A special feature is introduced with the first installment of a Submarine Bibliography. It is our plan to present listings of magazine articles and books published abroad in later issues; however, one of the main intents is to stimulate response and additions from the readers — so we can make the community list a real recommendation from the people who have been down to the sea, have gone in harm’s way and have produced sophisticated hardware for their country. So send in your nominations for inclusion, no matter what the source of publication.

Jim Hay


In recognition of the need to update the Cold War-vintage I Maritime Strategy, the Secretary of the Navy, the Chief of Naval Operations, and the Commandant of the Marine Corps have released a White Paper entitled … From the Sea. The paper defines the new strategic direction for the Navy-Marine Corps Team as a “naval expeditionary force, shaped for joint operations, operating forward from the sea, tailored for national needs”. Although the emphasis is on littoral warfare and maneuver from the sea, right up front, there is a strong commitment to a robust strategic deterrent force, at sea in SSBNs, as critical to national security.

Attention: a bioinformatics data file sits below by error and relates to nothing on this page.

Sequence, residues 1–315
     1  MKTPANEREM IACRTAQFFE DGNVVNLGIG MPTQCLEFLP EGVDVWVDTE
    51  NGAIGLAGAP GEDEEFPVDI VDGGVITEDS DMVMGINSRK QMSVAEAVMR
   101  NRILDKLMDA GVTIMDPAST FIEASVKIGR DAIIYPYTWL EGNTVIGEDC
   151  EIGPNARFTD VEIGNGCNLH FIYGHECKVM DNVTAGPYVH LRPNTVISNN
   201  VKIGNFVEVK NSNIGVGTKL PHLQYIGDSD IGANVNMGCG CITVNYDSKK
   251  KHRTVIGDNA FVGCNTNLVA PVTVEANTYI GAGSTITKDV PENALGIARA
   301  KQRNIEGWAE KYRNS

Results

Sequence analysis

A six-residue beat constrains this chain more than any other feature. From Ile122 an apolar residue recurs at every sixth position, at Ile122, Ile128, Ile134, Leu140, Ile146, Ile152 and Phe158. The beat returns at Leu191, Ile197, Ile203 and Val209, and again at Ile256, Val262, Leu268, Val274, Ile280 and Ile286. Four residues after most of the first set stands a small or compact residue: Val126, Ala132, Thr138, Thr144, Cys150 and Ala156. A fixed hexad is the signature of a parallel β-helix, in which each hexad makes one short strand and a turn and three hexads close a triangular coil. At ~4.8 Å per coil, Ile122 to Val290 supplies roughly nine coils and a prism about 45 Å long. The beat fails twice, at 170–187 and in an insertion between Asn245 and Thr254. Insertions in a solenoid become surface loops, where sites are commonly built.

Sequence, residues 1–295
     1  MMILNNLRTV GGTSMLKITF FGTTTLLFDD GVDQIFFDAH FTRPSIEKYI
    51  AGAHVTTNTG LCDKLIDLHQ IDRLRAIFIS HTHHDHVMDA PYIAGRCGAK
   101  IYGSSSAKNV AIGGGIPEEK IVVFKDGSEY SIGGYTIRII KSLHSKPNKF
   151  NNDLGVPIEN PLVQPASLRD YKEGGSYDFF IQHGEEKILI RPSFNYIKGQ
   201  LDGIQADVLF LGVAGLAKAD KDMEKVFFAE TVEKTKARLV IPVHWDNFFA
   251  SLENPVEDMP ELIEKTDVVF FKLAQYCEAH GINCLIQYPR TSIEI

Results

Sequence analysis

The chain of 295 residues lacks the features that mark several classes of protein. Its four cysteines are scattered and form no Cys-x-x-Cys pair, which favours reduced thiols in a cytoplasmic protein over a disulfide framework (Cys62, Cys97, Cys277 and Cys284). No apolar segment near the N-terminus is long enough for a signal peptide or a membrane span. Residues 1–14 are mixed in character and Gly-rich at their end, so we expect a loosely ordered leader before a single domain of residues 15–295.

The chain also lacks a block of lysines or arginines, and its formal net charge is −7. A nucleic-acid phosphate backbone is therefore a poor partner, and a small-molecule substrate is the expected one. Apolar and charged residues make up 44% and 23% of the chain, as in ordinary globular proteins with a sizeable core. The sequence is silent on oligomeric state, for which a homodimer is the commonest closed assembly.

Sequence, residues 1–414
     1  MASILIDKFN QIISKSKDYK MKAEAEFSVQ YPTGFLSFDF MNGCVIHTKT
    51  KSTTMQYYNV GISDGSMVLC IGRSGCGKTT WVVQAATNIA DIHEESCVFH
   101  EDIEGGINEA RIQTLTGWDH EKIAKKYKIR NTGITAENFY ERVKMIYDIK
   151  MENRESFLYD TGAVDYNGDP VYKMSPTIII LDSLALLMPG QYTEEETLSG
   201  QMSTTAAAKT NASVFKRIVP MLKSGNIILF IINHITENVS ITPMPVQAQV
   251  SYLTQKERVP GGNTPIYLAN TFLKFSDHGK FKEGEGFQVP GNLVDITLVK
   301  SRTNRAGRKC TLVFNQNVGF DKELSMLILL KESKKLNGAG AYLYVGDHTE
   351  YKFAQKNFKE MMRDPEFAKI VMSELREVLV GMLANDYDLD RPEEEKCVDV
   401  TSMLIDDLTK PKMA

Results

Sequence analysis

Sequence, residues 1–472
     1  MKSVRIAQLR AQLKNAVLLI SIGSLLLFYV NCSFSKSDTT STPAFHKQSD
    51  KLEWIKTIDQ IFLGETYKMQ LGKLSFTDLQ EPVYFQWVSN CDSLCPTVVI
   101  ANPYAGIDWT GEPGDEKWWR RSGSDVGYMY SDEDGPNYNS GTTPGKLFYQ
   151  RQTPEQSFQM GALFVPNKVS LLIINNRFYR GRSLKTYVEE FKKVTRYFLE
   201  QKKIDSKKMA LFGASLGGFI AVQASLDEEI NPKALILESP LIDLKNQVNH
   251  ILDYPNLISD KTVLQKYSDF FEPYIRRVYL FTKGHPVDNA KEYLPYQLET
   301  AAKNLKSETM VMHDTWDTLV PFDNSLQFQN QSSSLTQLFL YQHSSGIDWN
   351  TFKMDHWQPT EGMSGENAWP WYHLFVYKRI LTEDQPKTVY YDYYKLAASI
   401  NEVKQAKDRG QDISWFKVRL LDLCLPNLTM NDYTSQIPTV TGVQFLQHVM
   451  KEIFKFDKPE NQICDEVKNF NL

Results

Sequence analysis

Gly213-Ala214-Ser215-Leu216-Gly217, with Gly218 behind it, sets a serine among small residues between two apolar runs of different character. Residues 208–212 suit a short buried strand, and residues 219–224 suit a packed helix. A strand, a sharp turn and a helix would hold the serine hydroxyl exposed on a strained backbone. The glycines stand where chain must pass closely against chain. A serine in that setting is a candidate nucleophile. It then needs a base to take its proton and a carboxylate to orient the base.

Four key operational capabilities are called out as required for successful execution of the new direction: Command, Control, and Surveillance; Battlespace Dominance; Power Projection; and Force Sustainment. Even without explicit citing (attack submarines appear only in reference to cruise missile strikes under Power Projection), it is not difficult to visualize SSNs playing in each of the other areas, e.g., “…the ability to collect intelligence through covert surveillance early in crisis”, “… deny access to a regional adversary, interdict the adversary’s movement of supplies by sea, and control of the local sea… “, and “… (maintain) open sea lanes of communications so that passage of shipping is not impeded by an adversary.” Integra-tion of attack submarines into the “expeditionary force” is the immediate challenge. In the intensely competitive battle for limited resources, the planners must be convinced that the unique and cost-effective warfighting capabilities of attack submarines are essential elements of our national security strategy, from conventional deterrence to littoral campaigns.